Osteoporosis in rheumatoid arthritis
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University of Cape Town
The literature is replete with reports of osteoporosis in rheumatoid arthritis, but the mechanism of bone loss remains obscure. This is probably due to the overlap with bone loss of aging and the menopause, whose exact mechanisms are also poorly understood. Against this background, a study was designed to evaluate generalised bone loss in young, premenopausal (if female), patients with rheumatoid arthritis. The protocol was designed to record demographic data, as well as information pertaining to the disease. Cortical bone mass was measured at the metacarpals and left femur, using an automated, computer-controlled technique. Trabecular bone was evaluated at the left femur (Singh index) as well as at the 3rd lumbar vertebra (Saville index). Bone kinetics were studied by the measurement of urinary excretion of calcium, phosphate and hydroxy-praline (resorption) and serum alkaline phosphatase (formation). Disease activity was measured clinically and with laboratory indices. Physical activity was indirectly measured by quantitating the disability, using the Keitel function test as well as a modified health assessment questionnaire (HAQ). The radiograph of the right wrist was scored by the Larsen index. The carpometacarpal ratio was also calculated from the radiograph. Numerous statistical techniques were applied in the analysis of the data. Healthy volunteers were used as controls. Patients with SLE were also studied, in order to compare the 2 inflammatory diseases. Patients with RA had generalised cortical bone loss (metacarpal and femur) (p < 0.001). Trabecular bone measurements were not significantly different from normals, using the crude radiographic techniques. Duration of disease was the most important clinical determinant of this bone loss. The relative contributions of disease activity and lack of physical activity to the loss of bone could not be adequately separated using conventional statistical techniques. Corticosteroid therapy did not promote metacarpal bone loss in these subjects, but may have contributed to thinning of the femoral cortex. Nonsteroidal anti-inflammatory drugs and disease modifying agents did not seem to influence the extent of the bone loss. Nutritional status and skinfold thickness did not correlate with bone mass. Dietary factors played no role in the genesis of bone loss, but may have had some effect on disease activity. Metacarpal measurements showed a sensitivity of 80% and specificity of 85% in discriminating between osteopaenic and normopaenic groups with RA. Osteopaenia could not be adequately predicted in the absence of metacarpal measurements. Metacarpal bone loss in RA was due to endosteal resorption, while in SLE it was due to periosteal resorption. The semi-automatic technique for measurement of metacarpal bone mass showed good reproducibility among 5 observers and at 2 different centres. The pathogenesis of bone loss in RA was multifactorial, the largest contribution probably coming from a humoral factor in the circulation, closely related to disease activity. Ionised calcium was elevated in 55% of RA patients, but only 5% of SLE patients. Serum PTH levels were normal in 99% of the RA subjects. Elevations in alkaline phosphatase. (25%) probably reflected disease activity rather than increased bone formation. Factor analysis of 27 variables showed that disease activity was central to the development of OP in RA. CS therapy tended to be used in the presence of active disease. Disability was not an important determinant of bone loss in RA, but may be a useful measure of activity of the disease. This study did not evaluate the relationships with sex hormonal status or vitamin D metabolism. Future research should aim at cohort analysis at 2 different periods, in order to improve our understanding of the pathogenesis of bone loss in RA.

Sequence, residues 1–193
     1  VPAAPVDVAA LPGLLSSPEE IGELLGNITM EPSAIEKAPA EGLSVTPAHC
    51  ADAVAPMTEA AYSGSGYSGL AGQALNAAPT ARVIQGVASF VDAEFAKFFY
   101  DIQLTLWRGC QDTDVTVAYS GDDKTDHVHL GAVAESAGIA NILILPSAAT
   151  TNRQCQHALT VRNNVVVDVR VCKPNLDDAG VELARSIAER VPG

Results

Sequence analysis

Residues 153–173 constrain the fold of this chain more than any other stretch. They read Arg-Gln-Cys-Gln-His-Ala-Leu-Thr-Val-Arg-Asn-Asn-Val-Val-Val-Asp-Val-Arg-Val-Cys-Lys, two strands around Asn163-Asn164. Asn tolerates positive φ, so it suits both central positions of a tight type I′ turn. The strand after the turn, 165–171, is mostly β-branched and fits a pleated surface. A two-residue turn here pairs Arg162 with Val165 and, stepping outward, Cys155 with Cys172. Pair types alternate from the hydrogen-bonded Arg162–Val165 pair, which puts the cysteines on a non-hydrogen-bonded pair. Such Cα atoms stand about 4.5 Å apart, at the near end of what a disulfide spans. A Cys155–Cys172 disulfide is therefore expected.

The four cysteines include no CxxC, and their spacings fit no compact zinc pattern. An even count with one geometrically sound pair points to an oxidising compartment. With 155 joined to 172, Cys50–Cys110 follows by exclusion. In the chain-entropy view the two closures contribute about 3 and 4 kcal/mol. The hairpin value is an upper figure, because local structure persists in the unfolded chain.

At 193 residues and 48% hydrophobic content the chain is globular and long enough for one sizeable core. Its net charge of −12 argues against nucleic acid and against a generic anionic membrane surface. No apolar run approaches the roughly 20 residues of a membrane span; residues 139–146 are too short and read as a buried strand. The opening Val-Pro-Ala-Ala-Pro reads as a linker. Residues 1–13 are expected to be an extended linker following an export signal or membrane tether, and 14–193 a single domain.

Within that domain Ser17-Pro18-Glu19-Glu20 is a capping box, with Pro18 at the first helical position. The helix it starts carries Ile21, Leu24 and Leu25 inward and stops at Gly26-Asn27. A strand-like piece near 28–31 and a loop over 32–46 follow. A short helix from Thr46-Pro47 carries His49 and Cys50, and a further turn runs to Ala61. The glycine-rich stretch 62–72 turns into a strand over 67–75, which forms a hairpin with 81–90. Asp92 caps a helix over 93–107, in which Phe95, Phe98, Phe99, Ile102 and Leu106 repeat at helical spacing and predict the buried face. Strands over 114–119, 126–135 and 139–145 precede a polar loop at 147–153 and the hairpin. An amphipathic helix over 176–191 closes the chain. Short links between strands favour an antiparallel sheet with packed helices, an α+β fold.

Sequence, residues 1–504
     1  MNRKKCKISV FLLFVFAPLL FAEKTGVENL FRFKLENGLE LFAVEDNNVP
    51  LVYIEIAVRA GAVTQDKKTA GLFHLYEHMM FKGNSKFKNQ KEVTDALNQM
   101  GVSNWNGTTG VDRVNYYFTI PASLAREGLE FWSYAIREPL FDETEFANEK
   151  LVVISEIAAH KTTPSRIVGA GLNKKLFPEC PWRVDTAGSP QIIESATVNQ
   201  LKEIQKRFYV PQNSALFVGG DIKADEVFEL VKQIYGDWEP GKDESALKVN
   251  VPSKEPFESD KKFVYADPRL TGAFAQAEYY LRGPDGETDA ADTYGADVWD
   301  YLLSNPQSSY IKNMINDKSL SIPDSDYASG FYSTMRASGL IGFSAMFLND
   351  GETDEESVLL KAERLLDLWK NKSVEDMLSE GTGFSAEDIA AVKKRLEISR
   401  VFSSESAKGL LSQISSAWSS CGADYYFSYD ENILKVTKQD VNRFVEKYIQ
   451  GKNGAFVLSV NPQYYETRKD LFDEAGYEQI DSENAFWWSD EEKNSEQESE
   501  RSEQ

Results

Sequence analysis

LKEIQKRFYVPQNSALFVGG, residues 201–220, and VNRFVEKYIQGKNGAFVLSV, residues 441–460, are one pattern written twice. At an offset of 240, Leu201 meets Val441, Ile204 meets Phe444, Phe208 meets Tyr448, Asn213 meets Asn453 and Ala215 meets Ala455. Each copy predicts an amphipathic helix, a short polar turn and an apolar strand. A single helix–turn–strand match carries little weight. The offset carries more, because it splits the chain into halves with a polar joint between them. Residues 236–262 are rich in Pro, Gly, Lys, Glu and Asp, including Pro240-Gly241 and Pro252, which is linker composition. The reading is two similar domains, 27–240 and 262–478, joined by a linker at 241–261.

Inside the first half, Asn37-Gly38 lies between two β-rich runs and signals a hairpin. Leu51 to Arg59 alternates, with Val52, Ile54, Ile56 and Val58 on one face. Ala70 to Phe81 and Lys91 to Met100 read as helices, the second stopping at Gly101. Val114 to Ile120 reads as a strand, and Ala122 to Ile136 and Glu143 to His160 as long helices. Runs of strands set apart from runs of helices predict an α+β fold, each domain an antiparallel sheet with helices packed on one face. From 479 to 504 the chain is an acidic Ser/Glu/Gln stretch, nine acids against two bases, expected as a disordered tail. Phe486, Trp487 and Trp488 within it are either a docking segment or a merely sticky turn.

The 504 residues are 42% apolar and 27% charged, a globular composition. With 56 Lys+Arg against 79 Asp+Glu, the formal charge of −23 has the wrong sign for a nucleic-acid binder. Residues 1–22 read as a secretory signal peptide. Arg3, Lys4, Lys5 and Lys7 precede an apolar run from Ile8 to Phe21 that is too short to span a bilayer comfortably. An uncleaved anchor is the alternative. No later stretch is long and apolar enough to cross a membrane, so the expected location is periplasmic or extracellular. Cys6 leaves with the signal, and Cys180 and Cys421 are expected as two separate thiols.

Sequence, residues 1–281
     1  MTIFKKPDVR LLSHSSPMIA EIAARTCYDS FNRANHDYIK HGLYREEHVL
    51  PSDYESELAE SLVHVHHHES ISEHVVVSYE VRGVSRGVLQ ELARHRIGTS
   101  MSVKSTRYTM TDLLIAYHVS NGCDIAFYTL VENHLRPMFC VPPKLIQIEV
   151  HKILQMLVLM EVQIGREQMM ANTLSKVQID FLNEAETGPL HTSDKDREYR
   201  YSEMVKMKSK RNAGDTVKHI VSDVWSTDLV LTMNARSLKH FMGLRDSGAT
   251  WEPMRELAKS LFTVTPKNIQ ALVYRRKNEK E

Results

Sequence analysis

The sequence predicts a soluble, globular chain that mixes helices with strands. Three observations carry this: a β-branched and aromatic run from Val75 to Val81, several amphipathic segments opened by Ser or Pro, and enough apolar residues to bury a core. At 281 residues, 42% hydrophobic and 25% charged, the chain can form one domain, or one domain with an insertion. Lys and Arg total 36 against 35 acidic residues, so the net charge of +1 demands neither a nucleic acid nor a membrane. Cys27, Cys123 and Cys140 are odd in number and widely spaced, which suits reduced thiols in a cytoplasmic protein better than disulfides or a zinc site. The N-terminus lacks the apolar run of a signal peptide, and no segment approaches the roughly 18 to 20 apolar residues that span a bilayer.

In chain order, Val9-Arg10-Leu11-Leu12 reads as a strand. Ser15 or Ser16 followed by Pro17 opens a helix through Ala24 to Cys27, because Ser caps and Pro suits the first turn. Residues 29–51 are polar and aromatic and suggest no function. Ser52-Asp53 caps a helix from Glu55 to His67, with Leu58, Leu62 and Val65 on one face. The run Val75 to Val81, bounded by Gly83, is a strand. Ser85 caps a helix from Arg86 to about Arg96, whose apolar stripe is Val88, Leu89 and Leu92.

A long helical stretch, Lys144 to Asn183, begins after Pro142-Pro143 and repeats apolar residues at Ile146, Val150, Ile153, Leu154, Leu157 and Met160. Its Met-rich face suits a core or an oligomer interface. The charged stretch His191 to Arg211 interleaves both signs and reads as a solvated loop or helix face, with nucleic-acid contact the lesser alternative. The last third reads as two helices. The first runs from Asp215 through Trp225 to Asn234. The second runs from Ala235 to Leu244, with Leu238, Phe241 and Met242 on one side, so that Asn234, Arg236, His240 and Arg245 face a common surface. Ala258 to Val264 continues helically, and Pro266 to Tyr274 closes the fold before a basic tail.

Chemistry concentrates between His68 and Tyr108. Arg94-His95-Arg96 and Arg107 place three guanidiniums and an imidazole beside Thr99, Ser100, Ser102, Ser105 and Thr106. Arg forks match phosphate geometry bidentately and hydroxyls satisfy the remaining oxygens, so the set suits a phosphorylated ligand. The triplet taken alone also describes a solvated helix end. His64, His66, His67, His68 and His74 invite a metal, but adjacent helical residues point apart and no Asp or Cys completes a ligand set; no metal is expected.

Kalla, A. 1989. Osteoporosis in rheumatoid arthritis. University of Cape Town.